The press conference room at the Motegi circuit was a busy place on Thursday. The assembled press filed in twice during the afternoon, once to hear the head of Dorna talk about the long-term future of both motorcycle racing world championship series, and then again to hear five world champions talk about this weekend’s racing. There was much to digest.
What Carmelo Ezpeleta had to say about Dorna’s takeover of the World Superbike series has been covered elsewhere, though the irony of Ezpeleta hosting a press conference to talk about what was essentially an end run around HRC’s threats of a withdrawal at a facility owned and operated by Honda was not lost on everyone. The significance of the occasion was clear to all, and the groundwork has been laid for the future of both WSBK and MotoGP, though many fear the outcome.
An hour later, a much lighter mood prevailed when the riders filed in for the usual pre-event press conference. The long term was forgotten for a while, as everyone concentrated on two items: the return of Casey Stoner, and the impact of the Australian’s return on the championship. Will Stoner help Dani Pedrosa in his battle with Jorge Lorenzo for the 2012 MotoGP title? And is he fit enough and fast enough to be able to help if he wanted to?
To take the latter question first, the jury is still very much out. “We won’t know what to expect until tomorrow,” Stoner told the press. Walking around the paddock on the ankle he damaged so badly in the highside at Indianapolis was one thing; the pressures of riding, and the rapid changes of direction required to get around the Motegi race track were something altogether different.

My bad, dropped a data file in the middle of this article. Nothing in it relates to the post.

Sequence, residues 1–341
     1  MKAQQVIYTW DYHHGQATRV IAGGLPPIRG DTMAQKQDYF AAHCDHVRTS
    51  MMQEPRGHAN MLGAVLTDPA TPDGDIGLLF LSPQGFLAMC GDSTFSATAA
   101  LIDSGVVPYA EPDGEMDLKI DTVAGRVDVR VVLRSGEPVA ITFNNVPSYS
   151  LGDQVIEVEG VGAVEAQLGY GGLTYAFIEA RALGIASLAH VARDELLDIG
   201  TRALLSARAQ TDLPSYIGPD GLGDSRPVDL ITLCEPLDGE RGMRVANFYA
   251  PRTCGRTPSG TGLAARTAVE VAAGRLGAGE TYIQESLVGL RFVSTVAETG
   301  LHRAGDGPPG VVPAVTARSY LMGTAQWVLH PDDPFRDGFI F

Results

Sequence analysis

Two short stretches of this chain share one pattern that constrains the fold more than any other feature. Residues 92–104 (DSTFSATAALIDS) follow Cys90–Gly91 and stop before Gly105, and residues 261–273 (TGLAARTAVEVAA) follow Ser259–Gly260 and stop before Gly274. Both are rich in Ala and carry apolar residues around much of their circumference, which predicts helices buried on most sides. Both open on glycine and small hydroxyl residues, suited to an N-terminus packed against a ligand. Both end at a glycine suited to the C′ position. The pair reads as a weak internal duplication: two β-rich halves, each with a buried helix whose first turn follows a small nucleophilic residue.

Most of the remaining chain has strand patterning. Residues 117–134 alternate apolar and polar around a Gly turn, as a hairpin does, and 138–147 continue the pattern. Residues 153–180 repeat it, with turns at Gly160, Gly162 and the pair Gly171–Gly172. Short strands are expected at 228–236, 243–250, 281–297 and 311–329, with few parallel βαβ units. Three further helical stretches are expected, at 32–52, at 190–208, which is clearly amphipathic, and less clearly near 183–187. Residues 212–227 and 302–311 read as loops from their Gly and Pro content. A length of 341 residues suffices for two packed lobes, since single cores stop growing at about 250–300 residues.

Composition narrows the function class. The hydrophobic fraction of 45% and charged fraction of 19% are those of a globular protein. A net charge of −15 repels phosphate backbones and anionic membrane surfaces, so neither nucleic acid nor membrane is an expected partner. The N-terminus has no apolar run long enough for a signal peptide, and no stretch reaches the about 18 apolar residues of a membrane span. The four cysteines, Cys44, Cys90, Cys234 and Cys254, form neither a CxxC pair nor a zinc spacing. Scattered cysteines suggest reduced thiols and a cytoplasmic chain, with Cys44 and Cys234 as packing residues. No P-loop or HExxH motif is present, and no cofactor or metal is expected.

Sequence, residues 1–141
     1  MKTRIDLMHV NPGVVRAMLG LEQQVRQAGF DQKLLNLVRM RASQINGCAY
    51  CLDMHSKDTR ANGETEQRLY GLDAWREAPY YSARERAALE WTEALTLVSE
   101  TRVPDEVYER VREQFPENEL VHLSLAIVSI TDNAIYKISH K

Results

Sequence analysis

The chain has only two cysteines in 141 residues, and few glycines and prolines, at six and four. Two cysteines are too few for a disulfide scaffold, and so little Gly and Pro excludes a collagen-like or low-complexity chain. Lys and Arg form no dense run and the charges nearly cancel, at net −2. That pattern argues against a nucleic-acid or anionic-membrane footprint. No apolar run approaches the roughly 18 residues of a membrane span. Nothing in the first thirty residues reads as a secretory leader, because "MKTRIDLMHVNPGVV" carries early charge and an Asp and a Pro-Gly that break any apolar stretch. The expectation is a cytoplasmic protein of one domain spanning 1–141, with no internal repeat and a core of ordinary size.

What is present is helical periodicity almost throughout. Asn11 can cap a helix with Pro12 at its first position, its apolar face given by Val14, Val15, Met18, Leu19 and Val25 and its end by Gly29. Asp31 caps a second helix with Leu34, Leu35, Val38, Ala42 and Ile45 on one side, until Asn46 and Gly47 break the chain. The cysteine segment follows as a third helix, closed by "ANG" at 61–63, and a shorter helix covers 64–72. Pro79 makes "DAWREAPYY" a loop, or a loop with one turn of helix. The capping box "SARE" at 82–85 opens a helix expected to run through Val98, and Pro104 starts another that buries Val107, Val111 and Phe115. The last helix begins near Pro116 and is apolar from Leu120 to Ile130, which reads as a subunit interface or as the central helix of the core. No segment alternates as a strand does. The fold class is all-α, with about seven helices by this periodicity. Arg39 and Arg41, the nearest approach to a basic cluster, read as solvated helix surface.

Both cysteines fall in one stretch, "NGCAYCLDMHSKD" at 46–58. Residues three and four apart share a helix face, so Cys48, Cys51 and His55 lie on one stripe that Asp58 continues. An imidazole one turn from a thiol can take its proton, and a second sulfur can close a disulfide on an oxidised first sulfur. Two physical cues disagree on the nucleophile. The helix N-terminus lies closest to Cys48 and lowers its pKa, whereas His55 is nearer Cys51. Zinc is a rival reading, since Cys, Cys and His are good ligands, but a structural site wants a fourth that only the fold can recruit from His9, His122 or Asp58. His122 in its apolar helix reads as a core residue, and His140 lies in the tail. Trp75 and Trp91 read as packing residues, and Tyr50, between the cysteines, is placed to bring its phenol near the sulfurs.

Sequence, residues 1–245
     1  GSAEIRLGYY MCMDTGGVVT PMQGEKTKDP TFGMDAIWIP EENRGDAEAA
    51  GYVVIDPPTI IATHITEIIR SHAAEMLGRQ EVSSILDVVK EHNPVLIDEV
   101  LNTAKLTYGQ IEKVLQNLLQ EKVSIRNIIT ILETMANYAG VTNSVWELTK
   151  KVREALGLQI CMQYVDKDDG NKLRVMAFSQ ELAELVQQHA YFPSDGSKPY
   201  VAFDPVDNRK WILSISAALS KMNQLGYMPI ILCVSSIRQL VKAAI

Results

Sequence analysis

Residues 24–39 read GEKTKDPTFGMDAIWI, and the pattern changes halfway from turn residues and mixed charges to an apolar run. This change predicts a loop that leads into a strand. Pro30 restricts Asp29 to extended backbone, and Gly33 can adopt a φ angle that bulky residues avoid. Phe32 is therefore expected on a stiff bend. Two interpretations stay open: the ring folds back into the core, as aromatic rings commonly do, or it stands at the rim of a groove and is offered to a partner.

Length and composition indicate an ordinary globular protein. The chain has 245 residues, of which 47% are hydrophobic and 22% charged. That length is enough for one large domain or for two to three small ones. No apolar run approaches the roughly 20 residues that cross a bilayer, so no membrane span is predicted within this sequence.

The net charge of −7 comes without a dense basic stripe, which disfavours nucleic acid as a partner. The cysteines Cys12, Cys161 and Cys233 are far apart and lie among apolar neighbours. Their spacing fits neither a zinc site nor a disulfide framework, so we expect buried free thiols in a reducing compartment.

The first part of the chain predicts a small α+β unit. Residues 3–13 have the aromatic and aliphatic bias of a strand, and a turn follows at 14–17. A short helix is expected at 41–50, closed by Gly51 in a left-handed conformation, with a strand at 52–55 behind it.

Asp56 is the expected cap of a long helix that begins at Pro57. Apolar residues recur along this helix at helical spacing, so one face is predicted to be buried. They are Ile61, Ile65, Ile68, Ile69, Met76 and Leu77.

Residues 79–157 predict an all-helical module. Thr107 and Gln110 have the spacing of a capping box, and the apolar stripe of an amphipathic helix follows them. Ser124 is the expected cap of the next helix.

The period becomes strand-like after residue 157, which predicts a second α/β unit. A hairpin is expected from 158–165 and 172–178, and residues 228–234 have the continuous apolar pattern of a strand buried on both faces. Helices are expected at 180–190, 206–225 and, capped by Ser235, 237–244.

Stoner hadn’t even tried testing his ankle on a bike, he told the press conference. The danger of damaging the ankle somehow, even only slightly, had been sufficient to keep him sat at home on the couch, bored and frustrated, his only relief the occasional trip to see a V8 Supercars race. His fear was that he would miss Phillip Island, something he is simply not willing to countenance. In his last season – and given his personality, I believe that this truly is his last season, with a return completely beyond the realms of possibility – Stoner is determined to race at the track he loves, in front of his home crowd, even if they have to duct tape him to the bike, as he told the crowd at a recent V8 Supercars event.
Given Stoner’s performance the day after he suffered his ankle injury, it seems likely he will be quick from the moment he takes to the track. But being fast enough to mix it with Dani Pedrosa and Jorge Lorenzo is another matter altogether. Even if he is, the second question remains: would he be willing to sacrifice his own chances in his final year of racing to help his teammate win his first MotoGP championship?
Despite the wave of imploring requests emanating from Spain, the answer appears to be no. Asked if Honda had requested Stoner help Pedrosa win the title, the Australian was terse. “They haven’t and I don’t believe they will.” That, Stoner said, was not the way to win a title. “As I’ve said in the past, championships are won fair and outright, and not because of the result of a teammate helping out.” The chances of Stoner helping Pedrosa? “There’ll be none of that.”